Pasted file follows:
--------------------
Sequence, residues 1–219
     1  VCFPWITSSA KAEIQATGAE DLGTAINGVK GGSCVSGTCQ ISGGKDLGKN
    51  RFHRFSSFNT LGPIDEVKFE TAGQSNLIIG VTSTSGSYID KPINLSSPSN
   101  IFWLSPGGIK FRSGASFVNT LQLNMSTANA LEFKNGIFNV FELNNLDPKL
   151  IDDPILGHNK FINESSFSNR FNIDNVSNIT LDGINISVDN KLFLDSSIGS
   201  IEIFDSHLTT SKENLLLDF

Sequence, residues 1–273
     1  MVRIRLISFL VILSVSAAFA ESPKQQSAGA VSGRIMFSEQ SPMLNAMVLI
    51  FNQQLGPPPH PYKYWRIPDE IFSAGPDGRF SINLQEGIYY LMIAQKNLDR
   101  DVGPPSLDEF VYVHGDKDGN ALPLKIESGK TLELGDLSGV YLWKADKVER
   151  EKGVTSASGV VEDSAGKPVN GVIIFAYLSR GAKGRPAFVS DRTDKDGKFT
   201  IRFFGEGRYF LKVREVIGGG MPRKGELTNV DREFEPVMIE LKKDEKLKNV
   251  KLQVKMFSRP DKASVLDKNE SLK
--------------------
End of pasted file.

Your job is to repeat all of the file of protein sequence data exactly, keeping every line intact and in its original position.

Sequence, residues 1–219
     1  VCFPWITSSA KAEIQATGAE DLGTAINGVK GGSCVSGTCQ ISGGKDLGKN
    51  RFHRFSSFNT LGPIDEVKFE TAGQSNLIIG VTSTSGSYID KPINLSSPSN
   101  IFWLSPGGIK FRSGASFVNT LQLNMSTANA LEFKNGIFNV FELNNLDPKL
   151  IDDPILGHNK FINESSFSNR FNIDNVSNIT LDGINISVDN KLFLDSSIGS
   201  IEIFDSHLTT SKENLLLDF

Sequence, residues 1–273
     1  MVRIRLISFL VILSVSAAFA ESPKQQSAGA VSGRIMFSEQ SPMLNAMVLI
    51  FNQQLGPPPH PYKYWRIPDE IFSAGPDGRF SINLQEGIYY LMIAQKNLDR
   101  DVGPPSLDEF VYVHGDKDGN ALPLKIESGK TLELGDLSGV YLWKADKVER
   151  EKGVTSASGV VEDSAGKPVN GVIIFAYLSR GAKGRPAFVS DRTDKDGKFT
   201  IRFFGEGRYF LKVREVIGGG MPRKGELTNV DREFEPVMIE LKKDEKLKNV
   251  KLQVKMFSRP DKASVLDKNE SLK